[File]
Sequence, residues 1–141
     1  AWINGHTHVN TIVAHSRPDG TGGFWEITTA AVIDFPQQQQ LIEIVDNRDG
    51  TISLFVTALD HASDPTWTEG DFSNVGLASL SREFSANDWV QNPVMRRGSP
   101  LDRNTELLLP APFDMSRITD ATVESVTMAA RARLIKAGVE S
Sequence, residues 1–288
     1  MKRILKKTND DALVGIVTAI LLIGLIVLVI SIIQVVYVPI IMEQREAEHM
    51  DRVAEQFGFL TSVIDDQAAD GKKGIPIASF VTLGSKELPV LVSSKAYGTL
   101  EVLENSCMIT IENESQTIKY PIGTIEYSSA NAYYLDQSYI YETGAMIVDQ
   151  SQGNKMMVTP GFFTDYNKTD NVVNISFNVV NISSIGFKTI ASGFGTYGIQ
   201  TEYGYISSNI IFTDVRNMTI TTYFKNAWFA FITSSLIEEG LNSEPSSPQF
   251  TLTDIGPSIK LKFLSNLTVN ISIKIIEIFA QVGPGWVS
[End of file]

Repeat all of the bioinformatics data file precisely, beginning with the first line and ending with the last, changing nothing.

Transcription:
Sequence, residues 1–141
     1  AWINGHTHVN TIVAHSRPDG TGGFWEITTA AVIDFPQQQQ LIEIVDNRDG
    51  TISLFVTALD HASDPTWTEG DFSNVGLASL SREFSANDWV QNPVMRRGSP
   101  LDRNTELLLP APFDMSRITD ATVESVTMAA RARLIKAGVE S
Sequence, residues 1–288
     1  MKRILKKTND DALVGIVTAI LLIGLIVLVI SIIQVVYVPI IMEQREAEHM
    51  DRVAEQFGFL TSVIDDQAAD GKKGIPIASF VTLGSKELPV LVSSKAYGTL
   101  EVLENSCMIT IENESQTIKY PIGTIEYSSA NAYYLDQSYI YETGAMIVDQ
   151  SQGNKMMVTP GFFTDYNKTD NVVNISFNVV NISSIGFKTI ASGFGTYGIQ
   201  TEYGYISSNI IFTDVRNMTI TTYFKNAWFA FITSSLIEEG LNSEPSSPQF
   251  TLTDIGPSIK LKFLSNLTVN ISIKIIEIFA QVGPGWVS